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Please criticize (or suggest an improvement for) the following policy proposal: "ALL STATES SHALL UNDERGO AND PUBLICIZE IAEA SAFETY REVIEWS OF EXISTING AND PLANNED NUCLEAR REACTORS.”

There are some questionable implications of this proposal, and indeed not all concerned experts will endorse it. We need to think it through. The problem is that many (I think probably most) activists who deal with radiation safety issues nowadays believe that the top priority should be to shut down all reactors, everywhere. They say that reactors are inherently dangerous and that we should not imply that they can ever be made safe. From their perspective, if we call for mandatory safety reviews, we are implying that some risky reactors can be identified and repaired enough to be tolerated. In fact, there is a debate about whether to "refurbish" some of the older existing reactors. If we say we want a safety review, does that necessarily mean that we want to spend a fortune refurbishing a reactor that is still going to be a hazard afterward?

That is certainly a conundrum. From the “pro” side, the argument is that not all reactors in the world can be dismantled within the next ten years or so, and in the meantime we should attempt to prevent the most serious potential catastrophes. Maybe some of the most dangerous reactors can be identified now and either shut down first or improved somewhat, without implying that they are really acceptable.

What do you think about this dilemma? If you have another idea, please share it here.

Other critics, by the way, argue that even if we want a rigorous safety review of all existing reactors, the IAEA may not be the best organization to do so. Its mandate has always been to promote the use of "peaceful nuclear energy" and the NPT seems to support that mandate. It might be in a conflict of interest if authorized to conduct new levels of safety inspections. Please share your thoughts about this issue too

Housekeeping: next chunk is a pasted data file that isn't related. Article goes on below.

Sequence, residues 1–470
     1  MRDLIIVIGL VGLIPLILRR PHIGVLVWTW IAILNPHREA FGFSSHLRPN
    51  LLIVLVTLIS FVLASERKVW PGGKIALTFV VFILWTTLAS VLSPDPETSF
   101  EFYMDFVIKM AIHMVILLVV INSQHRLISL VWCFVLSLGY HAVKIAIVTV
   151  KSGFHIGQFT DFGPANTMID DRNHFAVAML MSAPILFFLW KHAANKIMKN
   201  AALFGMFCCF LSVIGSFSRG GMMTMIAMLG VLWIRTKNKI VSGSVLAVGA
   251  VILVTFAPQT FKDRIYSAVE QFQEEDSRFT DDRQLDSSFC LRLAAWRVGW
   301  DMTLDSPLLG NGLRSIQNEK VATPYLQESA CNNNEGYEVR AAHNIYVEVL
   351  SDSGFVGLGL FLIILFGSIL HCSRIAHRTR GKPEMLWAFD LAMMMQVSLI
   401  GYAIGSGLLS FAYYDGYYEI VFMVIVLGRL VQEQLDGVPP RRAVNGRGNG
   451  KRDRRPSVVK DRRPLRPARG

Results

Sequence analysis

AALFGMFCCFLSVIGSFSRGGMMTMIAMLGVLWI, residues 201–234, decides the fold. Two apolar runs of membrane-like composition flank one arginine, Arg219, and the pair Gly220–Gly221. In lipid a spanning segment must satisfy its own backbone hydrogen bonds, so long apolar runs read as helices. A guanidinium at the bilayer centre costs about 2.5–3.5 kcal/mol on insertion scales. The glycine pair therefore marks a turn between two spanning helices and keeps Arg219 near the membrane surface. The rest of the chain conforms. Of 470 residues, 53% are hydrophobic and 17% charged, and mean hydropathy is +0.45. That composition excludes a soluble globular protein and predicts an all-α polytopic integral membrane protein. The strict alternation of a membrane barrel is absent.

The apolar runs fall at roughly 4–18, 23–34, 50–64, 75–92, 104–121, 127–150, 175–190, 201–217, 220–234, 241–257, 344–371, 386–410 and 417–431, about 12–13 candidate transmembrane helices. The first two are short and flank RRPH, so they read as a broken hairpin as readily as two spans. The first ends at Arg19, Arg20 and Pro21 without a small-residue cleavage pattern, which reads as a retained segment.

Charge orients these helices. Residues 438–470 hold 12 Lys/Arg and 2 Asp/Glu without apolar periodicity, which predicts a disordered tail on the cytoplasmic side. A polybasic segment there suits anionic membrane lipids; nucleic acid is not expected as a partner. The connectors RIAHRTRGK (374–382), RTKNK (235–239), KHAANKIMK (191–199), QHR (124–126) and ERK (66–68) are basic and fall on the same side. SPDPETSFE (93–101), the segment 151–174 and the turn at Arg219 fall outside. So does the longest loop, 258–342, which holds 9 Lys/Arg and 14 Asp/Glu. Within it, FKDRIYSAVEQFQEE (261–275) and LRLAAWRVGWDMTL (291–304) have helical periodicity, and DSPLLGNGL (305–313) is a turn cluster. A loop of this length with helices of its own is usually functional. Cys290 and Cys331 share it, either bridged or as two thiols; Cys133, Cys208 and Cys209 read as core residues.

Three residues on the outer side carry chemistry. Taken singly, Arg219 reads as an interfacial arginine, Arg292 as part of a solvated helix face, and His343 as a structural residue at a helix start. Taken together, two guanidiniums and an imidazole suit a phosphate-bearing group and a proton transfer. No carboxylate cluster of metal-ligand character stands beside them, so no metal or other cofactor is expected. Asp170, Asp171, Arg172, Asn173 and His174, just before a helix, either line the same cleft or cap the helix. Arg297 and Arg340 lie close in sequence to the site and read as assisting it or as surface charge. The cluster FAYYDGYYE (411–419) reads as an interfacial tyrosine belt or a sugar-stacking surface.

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Science for Peace has a major new project and we invite you to participate.

At least six potential catastrophes now threaten humankind. Many separate organizations are trying to prevent one or another of them. Because the problems are inter-dependent, these NGOs are addressing different parts of the same problem. We can be more effective if we recognize our policies as aligned. Science for Peace invites you to discuss our policy priorities online, and then in a public forum.
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3 Comments

  1. admin

    November 26, 2017 at 8:42 pm

    Radiation Exposure links

  2. Why governments do not learn from Chernobyl and Fukushima’s catastrophes? Ontario has three nuclear power facilities and 18 operating reactors, which makes it the largest nuclear jurisdiction in North America and one of the largest in the world. Unfortunately, Ontario is still not prepared for a large-scale emergency and has not updated its emergency preparedness plan or provincial nuclear response plan since 2008 and 2009 respectively.

    More: http://fromchernobyltofukushima.com/ontario/

    • Alexander, that is a good point to make generally. Maybe you should craft a sentence for the Platoform on this point. Something like: ALL STATES WITH NUCLEAR REACTORS MUST UPDATE THEIR EMERGENCY PREPAREDNESS PLANS EVERY THREE YEARS. (Of course, I leave it to you to write the proposal as you see fit.)